The general rule of thumb is A-students sit in the front, late students sit behind them, and those uninterested in the class sit in the very back. However, this being an honors seminar, I suspected this may not be the case. So how do we choose where we sit? Is it based on participation, arrival time, major, gender?


On both Tuesday and Thursday I recorded where everyone sat, and on Thursday I also noted what time they arrived. This was made difficult by the fact that on Thursday we had to move to the conference room. However, I think this gives us more accurate data rather than less; early arrivers can be compared in the same room over two class periods, and everyone’s seating preference can be compared in two different room setups.

The seats for Tuesday are given below. The highlighted cells represent seats at the tables. The door was located in the top right corner and the TV behind Dr. Thomas at the bottom of the diagram.


On Tuesday, the larger classroom started filling before we moved to the conference room. The chart for the larger room is given first, then for the conference room. Again, shaded cells represent seats at the table. One of the tables had been moved since Tuesday.

thurs1In the diagram of the conference room below, both the door and the TV were located behind Dr. Thomas on the right.


Looking at the first two diagrams representing the classroom, as opposed to the conference room, it can be seen that students tended toward the same seat each week. When we compare these with the arrival times and majors of each student recorded in the table below, we can also conclude that students who arrived earlier in the classroom tended toward the back of the room. In the conference room, the earlier students tended toward the middle of the room, and the later students sat in the back. It is also important to note that we switched classrooms at 4:53, so students arriving at that time or earlier entered the conference room at about the same time.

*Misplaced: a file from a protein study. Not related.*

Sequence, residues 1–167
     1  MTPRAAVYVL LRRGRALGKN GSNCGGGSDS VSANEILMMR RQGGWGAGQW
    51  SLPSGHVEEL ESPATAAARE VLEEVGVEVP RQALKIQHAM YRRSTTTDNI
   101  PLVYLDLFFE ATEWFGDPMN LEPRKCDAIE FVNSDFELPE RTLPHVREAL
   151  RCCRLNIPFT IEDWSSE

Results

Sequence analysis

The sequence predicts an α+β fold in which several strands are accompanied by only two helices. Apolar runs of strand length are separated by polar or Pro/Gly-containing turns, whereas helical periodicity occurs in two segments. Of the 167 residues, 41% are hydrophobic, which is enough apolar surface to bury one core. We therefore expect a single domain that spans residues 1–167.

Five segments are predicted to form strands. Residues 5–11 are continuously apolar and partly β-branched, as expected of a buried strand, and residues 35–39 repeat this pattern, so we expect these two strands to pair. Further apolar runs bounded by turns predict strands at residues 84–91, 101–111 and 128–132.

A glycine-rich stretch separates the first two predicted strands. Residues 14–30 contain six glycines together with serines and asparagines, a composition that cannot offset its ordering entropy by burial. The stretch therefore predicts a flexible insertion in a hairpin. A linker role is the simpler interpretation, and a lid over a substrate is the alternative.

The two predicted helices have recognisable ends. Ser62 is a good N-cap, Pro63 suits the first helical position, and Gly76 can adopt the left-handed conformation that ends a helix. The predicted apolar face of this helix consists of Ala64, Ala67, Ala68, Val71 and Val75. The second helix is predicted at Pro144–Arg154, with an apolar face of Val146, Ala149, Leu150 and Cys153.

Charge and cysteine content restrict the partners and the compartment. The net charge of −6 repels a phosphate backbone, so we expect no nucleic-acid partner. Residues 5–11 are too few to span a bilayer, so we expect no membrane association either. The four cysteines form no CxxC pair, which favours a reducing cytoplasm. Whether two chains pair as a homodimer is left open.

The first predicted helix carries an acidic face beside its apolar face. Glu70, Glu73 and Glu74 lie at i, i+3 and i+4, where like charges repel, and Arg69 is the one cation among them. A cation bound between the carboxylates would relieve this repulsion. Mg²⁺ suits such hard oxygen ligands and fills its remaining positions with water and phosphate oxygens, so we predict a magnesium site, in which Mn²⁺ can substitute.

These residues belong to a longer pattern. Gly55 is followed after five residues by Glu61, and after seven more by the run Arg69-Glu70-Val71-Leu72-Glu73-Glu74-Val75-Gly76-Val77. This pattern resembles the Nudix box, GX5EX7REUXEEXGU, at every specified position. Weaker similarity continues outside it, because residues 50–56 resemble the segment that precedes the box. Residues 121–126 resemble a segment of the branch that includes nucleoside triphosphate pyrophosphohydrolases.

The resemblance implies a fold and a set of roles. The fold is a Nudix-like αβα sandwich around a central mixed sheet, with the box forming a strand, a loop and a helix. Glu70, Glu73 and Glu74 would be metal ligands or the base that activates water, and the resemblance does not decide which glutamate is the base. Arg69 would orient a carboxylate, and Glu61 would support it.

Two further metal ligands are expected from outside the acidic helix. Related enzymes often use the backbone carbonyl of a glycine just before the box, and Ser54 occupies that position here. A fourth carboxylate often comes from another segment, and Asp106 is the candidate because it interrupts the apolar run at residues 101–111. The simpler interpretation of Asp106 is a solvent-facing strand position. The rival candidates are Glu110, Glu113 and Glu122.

Looking at majors, not much can be concluded about how that affects seating choice. It can, however, be noted that we have a very diverse class. (Majors were gotten from the online phonebook.) I also wanted to look at year in college (freshman, sophomore, etc.) but since Clemson determines this based on credit, and most honors students bring a lot of credits in with them, I had no reliable way of gathering this data.

Another theory is that students who participate more sit near the front of the room. For this data I only recorded comments that were made as part of the discussion to the entire class. Comparing the table to the figure of the conference room, we can see that this theory holds true. If we assume that the number of comments made per person were similar on Tuesday, the more active students sat near the middle of the classroom. I also noticed that the observers this week (Jonah, Marshall, Vanessa, Maddi, and myself) spoke less when they were collecting data this week. However, I don’t have the data to support this.

One thing of note is that in both rooms four of the five girls sat together. I thought this was a significant statistic. I suggest that other small groups were also formed when choosing seats across the two rooms but aren’t as easy to pick out.

In conclusion, where we sit in either of the rooms is based on when we arrive (with earlier students sitting near the back, not the front), groups, habit, and loosely on participation.